Why is that natural accidental placed on that G? Does the slur extend the sharp on the previous measure to the next one? That wouldn't make sense for the bass though.
This is known as a Courtesy Accidental. The purpose is to clearly indicate to the reader that a note that was given an accidental in a previous measure will return to the pitch indicated in the key signature in this occurrence, which is especially helpful for sight reading. It is called a Courtesy Accidental because the convention is that an accidental from a previous measure does not carry over into the next but as a courtesy, the accidental is placed there to remind the reader/player to return to the pitch indicated by the key signature. This can be done with any type of accidental.
The Courtesy Accidental is also included in the bass basically for the same reason. Advanced sight readers essentially get used to keys/tonalities and can use this to more easily read dense music, so when an accidental appears in one clef, a Courtesy Accidental is placed in the other clef to make sure the reader returns to the key signature. This "cross-clef" Courtesy Accidental can also be useful in preventing ambiguities that may occur in more modern pieces that might actually have a G in one clef and a G# in the other.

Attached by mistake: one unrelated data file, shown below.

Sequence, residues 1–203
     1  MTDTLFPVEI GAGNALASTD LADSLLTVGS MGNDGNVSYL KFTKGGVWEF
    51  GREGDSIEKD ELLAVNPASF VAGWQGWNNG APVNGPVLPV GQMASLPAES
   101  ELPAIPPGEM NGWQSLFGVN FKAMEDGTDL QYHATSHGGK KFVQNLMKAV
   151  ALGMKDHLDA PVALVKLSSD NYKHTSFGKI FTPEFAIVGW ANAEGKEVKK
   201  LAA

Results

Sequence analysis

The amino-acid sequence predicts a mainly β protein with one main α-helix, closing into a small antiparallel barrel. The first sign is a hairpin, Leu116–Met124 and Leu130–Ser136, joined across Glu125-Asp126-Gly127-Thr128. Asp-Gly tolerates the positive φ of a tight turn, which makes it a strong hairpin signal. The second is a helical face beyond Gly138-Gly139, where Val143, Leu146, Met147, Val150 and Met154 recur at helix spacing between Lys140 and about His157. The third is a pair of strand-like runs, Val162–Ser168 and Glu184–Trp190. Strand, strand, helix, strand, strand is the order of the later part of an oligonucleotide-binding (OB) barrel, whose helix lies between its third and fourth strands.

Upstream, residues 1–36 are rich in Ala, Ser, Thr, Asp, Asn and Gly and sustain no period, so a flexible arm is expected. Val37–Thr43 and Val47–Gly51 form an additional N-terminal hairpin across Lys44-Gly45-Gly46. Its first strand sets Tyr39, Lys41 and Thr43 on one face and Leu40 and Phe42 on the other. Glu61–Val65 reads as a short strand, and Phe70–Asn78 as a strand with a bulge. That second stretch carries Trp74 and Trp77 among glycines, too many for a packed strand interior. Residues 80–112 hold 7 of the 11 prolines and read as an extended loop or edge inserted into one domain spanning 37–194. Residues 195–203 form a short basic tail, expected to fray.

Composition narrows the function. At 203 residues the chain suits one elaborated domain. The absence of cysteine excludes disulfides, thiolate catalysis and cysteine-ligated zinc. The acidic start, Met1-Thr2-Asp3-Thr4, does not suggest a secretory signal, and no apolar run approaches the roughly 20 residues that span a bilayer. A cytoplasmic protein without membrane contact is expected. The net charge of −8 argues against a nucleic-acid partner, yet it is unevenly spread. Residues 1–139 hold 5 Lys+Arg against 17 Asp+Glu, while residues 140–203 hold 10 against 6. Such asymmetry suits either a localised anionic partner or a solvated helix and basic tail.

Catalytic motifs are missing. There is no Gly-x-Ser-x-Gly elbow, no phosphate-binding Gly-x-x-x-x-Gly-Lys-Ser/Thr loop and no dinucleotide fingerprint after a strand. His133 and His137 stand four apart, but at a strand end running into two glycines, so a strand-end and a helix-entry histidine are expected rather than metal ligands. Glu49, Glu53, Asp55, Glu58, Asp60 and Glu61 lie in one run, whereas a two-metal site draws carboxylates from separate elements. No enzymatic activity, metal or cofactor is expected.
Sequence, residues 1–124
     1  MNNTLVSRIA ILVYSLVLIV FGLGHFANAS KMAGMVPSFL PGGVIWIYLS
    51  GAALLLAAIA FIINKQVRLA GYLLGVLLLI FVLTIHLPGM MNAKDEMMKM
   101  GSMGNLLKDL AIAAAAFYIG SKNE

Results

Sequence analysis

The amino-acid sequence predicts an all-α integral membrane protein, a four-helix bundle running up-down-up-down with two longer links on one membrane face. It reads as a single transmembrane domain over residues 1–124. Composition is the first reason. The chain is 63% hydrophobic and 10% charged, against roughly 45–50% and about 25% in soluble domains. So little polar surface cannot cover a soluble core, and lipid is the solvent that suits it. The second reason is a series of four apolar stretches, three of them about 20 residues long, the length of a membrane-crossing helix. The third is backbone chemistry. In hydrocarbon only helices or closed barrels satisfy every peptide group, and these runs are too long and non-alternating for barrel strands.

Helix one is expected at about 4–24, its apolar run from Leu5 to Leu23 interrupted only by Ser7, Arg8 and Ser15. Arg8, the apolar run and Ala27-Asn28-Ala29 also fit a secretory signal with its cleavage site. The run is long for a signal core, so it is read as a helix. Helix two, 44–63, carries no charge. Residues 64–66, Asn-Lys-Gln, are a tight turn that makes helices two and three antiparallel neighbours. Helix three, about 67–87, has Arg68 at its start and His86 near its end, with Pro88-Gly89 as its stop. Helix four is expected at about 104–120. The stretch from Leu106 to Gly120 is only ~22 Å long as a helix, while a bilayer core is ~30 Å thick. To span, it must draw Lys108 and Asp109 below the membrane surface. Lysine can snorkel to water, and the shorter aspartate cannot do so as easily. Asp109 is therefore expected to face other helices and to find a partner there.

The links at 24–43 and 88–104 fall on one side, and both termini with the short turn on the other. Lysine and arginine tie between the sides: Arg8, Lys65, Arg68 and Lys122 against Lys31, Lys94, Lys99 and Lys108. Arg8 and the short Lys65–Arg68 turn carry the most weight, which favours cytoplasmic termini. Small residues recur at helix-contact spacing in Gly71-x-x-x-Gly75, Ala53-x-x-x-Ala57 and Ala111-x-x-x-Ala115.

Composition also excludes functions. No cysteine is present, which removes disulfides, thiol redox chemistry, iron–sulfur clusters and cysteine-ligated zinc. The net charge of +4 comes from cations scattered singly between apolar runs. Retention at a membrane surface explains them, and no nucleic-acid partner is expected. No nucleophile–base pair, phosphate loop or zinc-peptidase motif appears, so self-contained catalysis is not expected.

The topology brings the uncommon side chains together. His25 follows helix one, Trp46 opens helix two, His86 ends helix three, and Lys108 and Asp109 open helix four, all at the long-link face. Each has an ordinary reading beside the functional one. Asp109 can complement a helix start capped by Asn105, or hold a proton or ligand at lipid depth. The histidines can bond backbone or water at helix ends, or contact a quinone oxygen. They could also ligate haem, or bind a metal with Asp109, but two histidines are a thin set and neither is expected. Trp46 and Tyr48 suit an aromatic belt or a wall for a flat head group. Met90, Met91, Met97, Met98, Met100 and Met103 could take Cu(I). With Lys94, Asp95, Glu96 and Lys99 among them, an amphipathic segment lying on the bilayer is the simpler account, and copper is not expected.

I notice that sometimes too. My theory is that the measure before always has the note sharped or flatted. I haven't found one otherwise, and it's true here (in the measure before, G is sharp). The natural is there to remind you that in the key signature that note is natural. I would just ignore it.